A piece in the New York Times this morning highlighted a New York spectacle that is being deemed an “installation/street art hybrid”. Melena Ryzik’s article; Taking it to the Streets, is about a work by Yehuda Duenyas entitled “ One Million Forgotten Moments” which seats an audience in a street front window that has been refitted to look like a jewel-box theater. Not only is the performance laden with actors, dancers, chorus girls, a skateboarding team and a magician, but it also turns its eye out on the public. So the random pedestrian flicking his cigarette to the curb and the cab driver picking his nose in his taxi, when framed by the proscenium of the storefront window, become monumental performances.
In reading the article I couldn’t help but think that this is an performance theme that I’m hearing about with more and more frequency. Actors and dancers are taking our notion of what a theater space is and stretching those assumptions– or in some cases completely blowing them apart.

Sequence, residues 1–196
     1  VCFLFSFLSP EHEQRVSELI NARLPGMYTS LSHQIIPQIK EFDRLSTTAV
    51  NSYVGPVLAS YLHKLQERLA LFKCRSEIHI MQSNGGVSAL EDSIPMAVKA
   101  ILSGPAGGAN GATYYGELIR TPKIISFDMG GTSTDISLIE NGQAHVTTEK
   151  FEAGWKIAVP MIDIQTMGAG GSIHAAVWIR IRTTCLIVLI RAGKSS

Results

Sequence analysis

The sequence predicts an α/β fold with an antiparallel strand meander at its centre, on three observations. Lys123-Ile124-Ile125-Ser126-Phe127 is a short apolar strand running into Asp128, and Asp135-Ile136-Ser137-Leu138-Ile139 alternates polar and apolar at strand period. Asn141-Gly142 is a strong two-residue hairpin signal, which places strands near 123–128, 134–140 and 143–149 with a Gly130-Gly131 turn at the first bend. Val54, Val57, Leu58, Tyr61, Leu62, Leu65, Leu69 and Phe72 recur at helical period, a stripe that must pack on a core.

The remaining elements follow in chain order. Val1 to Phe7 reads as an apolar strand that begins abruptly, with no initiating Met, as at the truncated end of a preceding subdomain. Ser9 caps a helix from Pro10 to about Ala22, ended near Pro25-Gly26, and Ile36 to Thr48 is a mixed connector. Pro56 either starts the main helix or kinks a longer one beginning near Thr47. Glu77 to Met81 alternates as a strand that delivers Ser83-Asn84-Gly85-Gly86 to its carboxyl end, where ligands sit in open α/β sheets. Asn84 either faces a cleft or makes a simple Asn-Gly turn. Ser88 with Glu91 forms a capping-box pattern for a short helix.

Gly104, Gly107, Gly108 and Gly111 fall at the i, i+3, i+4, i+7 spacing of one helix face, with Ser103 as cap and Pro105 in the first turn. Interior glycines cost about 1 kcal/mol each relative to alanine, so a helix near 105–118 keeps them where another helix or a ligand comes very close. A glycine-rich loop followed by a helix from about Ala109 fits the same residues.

When Philip Bither gave his introductory talk about the Walker’s Performing Arts season, he talked about this being one of the curatorial threads he used in putting together this year’s season. What he’s calling the In:Site/Out series (Gob Squad, Miguel Gutierrez’s Powerful People, Claude Wampler, Faustin Linyekula, and Back to Back Theatre) will all be doing what Duenyas has done in New York by redefining audience/performer relationships and restructuring the way we think about theatrical space.
I think that there’s a certain sense of pride in knowing that the things that are turning heads in the Big Apple, the theater capital of America, are also turning heads here in…. well… the Minniapple.